Why This Matters is a series from Roosevelt staff connecting our individual work—from papers to reports and everything in between—to our broader vision of creating a better, more equitable economic and political system. This series will give readers the top takeaways from our latest writing and thinking, with a focus on why they matter as we

The ability of workers to bargain for a greater share of a firm’s corporate profits has eroded over decades, and one of the growing drivers of this reality is the financialization of the corporate sector. Corporate financialization can be summed up as two behaviors: firms (like Walmart or Pfizer) increasingly earning profits from financial activity

There is much to be concerned about in America today: a growing political and economic divide, slowing growth, decreasing life expectancy, an epidemic of diseases of despair. The unhappiness that is apparent has taken an ugly turn, with an increase in protectionism and nativism. Trump’s diagnosis, which blames outsiders, is wrong, as are the prescriptions

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On Wednesday a handful of U.S.-based corporations, with AT&T leading the way, announced that, in light of the recently passed tax bill, they will be giving their employees a one-time bonus. Before anyone else begins claiming that this tax bill is going to spur business investment and favor the working class, let’s remember a few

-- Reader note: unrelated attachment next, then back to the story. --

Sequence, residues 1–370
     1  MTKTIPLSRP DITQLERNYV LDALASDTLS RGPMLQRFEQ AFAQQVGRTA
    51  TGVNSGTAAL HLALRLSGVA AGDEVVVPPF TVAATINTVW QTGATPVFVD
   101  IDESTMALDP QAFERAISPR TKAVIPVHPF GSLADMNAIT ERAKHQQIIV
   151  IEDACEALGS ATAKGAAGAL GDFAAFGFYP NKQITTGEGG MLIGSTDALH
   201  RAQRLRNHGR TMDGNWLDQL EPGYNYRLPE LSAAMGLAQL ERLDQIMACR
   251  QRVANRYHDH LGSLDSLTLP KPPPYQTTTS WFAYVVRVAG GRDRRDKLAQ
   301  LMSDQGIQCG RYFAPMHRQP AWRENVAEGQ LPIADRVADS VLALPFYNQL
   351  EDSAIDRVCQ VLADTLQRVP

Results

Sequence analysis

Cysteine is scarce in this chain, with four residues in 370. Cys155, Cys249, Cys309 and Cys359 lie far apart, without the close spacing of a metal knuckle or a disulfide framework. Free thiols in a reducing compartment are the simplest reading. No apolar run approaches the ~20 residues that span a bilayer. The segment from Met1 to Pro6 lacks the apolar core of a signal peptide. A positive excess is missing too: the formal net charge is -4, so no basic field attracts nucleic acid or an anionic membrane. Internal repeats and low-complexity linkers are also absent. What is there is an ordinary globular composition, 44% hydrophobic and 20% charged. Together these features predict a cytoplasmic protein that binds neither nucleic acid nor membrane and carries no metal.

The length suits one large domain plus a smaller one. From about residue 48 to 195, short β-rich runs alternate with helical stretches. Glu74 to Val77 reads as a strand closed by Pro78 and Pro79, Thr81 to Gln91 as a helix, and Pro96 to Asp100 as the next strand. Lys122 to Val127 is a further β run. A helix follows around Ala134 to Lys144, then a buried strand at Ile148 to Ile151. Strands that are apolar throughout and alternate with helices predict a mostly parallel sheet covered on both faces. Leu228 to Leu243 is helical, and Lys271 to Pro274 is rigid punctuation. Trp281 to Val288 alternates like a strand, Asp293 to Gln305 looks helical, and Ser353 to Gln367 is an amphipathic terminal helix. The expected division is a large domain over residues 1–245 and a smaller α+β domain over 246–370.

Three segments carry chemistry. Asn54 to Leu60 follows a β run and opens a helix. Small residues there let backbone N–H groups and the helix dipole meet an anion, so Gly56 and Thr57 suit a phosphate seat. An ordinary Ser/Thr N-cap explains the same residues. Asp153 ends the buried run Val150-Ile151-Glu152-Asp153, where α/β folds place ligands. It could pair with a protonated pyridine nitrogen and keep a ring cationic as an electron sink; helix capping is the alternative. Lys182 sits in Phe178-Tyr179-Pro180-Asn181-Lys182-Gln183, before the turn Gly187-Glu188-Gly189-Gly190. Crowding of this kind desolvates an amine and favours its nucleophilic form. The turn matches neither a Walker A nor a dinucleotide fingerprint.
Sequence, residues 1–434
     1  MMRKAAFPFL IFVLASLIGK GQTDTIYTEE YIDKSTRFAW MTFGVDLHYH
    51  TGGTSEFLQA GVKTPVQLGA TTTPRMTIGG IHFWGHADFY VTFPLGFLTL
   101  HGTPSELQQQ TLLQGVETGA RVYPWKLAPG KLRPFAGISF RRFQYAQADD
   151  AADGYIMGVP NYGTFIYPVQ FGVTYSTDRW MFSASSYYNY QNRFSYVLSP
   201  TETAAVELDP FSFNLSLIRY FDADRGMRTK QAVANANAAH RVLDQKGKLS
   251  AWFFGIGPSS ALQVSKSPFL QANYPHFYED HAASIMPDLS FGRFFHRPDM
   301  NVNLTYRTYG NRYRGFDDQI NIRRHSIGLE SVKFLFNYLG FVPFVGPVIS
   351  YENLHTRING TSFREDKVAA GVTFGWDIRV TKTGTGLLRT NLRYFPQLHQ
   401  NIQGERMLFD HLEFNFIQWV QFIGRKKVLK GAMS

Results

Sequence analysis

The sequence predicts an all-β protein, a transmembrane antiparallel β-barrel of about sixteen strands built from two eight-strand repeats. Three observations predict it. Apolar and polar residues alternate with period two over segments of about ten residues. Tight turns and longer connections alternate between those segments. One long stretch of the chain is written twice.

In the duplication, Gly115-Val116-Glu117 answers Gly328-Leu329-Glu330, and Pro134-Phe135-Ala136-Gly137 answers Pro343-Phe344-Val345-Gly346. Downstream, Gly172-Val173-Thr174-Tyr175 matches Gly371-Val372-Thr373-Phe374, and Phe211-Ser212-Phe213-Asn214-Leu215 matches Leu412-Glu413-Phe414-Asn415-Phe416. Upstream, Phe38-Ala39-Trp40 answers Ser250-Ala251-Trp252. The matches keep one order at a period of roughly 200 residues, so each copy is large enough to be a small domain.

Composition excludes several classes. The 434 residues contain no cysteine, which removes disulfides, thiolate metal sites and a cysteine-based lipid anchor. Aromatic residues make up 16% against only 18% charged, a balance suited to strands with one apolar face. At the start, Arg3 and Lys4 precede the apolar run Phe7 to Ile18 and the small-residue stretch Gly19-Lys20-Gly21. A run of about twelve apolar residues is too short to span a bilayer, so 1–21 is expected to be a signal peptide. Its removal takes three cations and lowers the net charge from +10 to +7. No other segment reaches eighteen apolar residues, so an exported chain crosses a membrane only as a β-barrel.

The problem of labor market monopsony—buyer power among employers—has gotten increasing attention in recent years, including in my 2016 Roosevelt Institute paper with Roosevelt fellow Mike Konczal, in a Council of Economic Advisors issue brief, and in a widely-circulated paper by economist Simcha Barkai. The basic idea of monopsony is that if employers don’t have

Why This Matters is a new series from Roosevelt staff connecting our individual work—from papers to reports and everything in between—to our broader vision of creating a better, more equitable economic and political system. This series will give readers the top takeaways from our latest writing and thinking, with a focus on why they matter

This week, the Senate Judiciary Committee is holding a hearing about the consumer welfare standard to determine whether it is outdated or remains the worthwhile core principle of antitrust enforcement. The hearing comes amid widespread questioning about antitrust’s effectiveness in recent decades. As the debate over the AT&T-Time Warner merger rages, this hearing is particularly timely.

The recent deal reached between Senate Banking Committee Chairman Mike Crapo (R-ID) and nine Senate Democrats, which the Senate Banking Committee approved earlier this week, is bad policy—and even worse politics. Americans understand they are being taken advantage of by the banks they depend on, and they fear that Wall Street lobbyists are rigging the

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Roosevelt Institute Program Manager Eric Harris Bernstein was featured on the November 20th episode of Reality Check on WURD Radio, hosted by Charles Ellison. Listen to the segment on the Tax Cuts and Jobs Act, where they discuss details about the bill, its impact on higher education, and how it would hurt middle and working

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The agreement reached between Senate Banking Committee Chairman Mike Crapo and ten Senate Democrats is billed as a necessary technical fix to Dodd-Frank and regulatory relief for community banks. But this proposal would cause more harm than many—including some allies—currently believe. It would expose risk to mid-sized banks, threaten the stability of the financial industry,

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